The front office’s focus this winter is to add pitching to the roster. Theo Epstein and Jed Hoyer said they would like to add at least one quality starting pitcher, either through a free agent signing or a trade. The Cubs lack of pitching depth could lead to the team acquiring multiple starters.
The Cubs have been connected to top of the rotation free agents David Price, Jordan Zimmermann and Zack Greinke and mid-rotation free agents John Lackey and Jeff Samardzija.
Epstein and Hoyer could also trade for controllable young arms with upside that would slot in behind Jon Lester and Jake Arrieta in the rotation. The Cubs are believed to have Carlos Carrasco (Indians), Danny Salazar (Indians) and Tyson Ross (Padres) at the top of that list that could also include Julio Teheran (Braves).
If the Cubs go the free agent route to add depth to the starting rotation and try to sign a “veteran innings guy, third or fourth starter, a stabilizer” as Peter Gammons suggested last week, a pitcher they have not been linked to by the mainstream media or reliable sources is Mike Leake, and he could fit the team’s needs.
Mike Leake turns 28 next week (Nov. 12) and was a combined 11-10 in 30 starts between the Reds and Giants with a 3.70 ERA, 1.16 WHIP and 4.20 FIP. Leake has made at least 30 starts in each of his last four seasons. And Leake has topped 190 innings the last three years with a career-high 214 1/3 innings in 2014.
Over the course of his career, Leake has struggled against left handed bats (.277/.323/.409) while limiting right handers to a .254/.305/.371 line. This past season, righties hit .218/.277/.326 against him and lefties batted .262/.305/.392.
Leake has been very effective against teams in the National League Central during his career, even with his home park being the Great American Launching Pad. And this is where Leake’s value could be to the Cubs.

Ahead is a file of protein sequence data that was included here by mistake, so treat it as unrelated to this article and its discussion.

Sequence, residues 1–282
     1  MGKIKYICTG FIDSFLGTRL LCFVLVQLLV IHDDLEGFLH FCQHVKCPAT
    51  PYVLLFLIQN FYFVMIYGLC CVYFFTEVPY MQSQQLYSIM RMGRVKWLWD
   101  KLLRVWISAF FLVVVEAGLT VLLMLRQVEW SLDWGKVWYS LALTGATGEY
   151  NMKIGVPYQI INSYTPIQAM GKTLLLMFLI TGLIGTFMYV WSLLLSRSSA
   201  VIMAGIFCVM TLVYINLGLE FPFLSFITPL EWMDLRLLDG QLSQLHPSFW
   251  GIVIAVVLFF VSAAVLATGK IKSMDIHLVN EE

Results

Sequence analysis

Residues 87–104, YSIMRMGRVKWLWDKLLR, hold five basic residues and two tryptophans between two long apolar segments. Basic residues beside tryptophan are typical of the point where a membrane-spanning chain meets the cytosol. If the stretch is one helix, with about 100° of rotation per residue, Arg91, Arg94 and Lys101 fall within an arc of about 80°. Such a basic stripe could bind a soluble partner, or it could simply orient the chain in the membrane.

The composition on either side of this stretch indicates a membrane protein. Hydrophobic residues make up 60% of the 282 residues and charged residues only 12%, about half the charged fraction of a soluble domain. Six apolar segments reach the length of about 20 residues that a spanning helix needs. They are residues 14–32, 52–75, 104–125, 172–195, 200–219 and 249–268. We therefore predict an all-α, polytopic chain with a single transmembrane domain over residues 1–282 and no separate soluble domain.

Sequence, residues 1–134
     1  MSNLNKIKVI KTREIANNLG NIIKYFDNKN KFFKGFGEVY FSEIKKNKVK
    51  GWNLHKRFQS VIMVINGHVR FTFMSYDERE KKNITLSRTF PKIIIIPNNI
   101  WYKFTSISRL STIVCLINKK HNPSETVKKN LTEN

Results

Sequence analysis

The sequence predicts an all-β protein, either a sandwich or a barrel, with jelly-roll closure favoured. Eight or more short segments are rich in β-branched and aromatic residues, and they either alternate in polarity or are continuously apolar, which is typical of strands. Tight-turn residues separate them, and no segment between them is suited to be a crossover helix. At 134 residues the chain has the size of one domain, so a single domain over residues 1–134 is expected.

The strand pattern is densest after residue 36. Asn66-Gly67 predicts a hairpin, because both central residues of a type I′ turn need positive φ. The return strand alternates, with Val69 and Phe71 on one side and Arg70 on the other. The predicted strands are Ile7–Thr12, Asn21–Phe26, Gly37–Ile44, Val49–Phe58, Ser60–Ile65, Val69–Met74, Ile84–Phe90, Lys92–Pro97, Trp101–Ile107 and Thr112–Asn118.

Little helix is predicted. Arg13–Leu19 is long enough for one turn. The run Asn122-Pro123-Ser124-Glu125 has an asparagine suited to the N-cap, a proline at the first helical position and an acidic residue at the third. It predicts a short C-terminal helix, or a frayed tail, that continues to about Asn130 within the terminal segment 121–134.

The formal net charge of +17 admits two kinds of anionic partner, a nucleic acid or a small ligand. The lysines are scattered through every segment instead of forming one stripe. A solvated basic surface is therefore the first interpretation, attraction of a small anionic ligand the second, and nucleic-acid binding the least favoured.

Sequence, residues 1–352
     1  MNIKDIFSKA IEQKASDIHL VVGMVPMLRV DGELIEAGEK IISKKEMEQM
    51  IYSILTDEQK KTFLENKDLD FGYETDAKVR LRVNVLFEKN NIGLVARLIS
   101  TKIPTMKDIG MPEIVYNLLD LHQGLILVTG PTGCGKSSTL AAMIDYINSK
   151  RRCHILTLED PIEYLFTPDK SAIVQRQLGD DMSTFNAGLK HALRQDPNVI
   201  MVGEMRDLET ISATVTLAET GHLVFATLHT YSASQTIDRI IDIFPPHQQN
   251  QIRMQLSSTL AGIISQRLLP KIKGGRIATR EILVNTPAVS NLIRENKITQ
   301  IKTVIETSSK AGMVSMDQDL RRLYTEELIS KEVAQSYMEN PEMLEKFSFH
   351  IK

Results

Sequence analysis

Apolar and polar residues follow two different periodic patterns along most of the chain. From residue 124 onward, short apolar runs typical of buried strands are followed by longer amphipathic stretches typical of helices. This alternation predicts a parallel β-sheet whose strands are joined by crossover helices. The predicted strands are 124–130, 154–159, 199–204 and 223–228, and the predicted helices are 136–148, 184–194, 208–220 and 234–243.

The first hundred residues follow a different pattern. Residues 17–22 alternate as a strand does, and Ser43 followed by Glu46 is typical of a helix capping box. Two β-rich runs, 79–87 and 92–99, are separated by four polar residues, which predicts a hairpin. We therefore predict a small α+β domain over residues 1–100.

This past season, Leake was 2-0 in four starts against the Pirates with a 2.03 ERA and 1.01 WHIP. And he was almost as good against the Cardinals. Leake posted a 1-1 record in three starts with a 2.42 ERA and 0.72 WHIP. Leake made one start versus the Brewers and was 0-1 with a 4.50 ERA and 1.83 WHIP. Leake allowed three runs on eight hits with three walks and four strikeouts in six innings, a quality start.
In 17 games, 16 career starts, versus the Cardinals, Leake is 5-7 with a 4.42 ERA and 1.24 WHIP. At Busch Stadium, Leake is 2-2 in six career starts with a 3.19 ERA and 0.90 WHIP.
Leake has made 24 starts against the Pirates and is 8-3 with a 3.01 ERA and 1.20 WHIP. Leake owns a 3-3 record in 13 starts at PNC Park with a 2.46 ERA and 1.13 WHIP.
The Brewers have been more of a challenge to Leake over his career than any other team in the NL Central. Leake is 2-4 in 10 starts with a 4.60 ERA and 1.52 WHIP. At Miller Park, Leake is 2-2 in seven starts with a 5.06 ERA and 1.59 WHIP.
Granted Leake has faced some rather poor Cubs teams over his career, but he is 3-2 in 10 career starts at Wrigley Field with a 4.20 ERA and 1.15 WHIP. Seven of the 30 runs, 12 of the 63 hits and three of the 10 longballs he’s allowed at Wrigley came in two starts this past season.
Mike Leake was paid $9.775 million in 2015 and could be looking at similar AAVs of Ervin Santana (four years, $55 million), Matt Garza (four years, $50 million) and Brandon McCarthy (four years, $48 million) with a four- or five-year contract in the $12-16 million range per season.
Leake was traded from the Reds to the Giants in-season and is not eligible to receive a qualifying offer. There is reportedly considerable mutual interest in Leake signing a long-term contract with the Giants. Leake might not be an option, but unless he’s committed to the Giants, the numbers say Epstein and Hoyer should look into what it would take to sign him.
With the focus moving forward to win the division and avoid the Wild Card Game, Leake’s career numbers against the Cardinals, Pirates and Brewers could be a benefit to the Cubs over the course of his contract.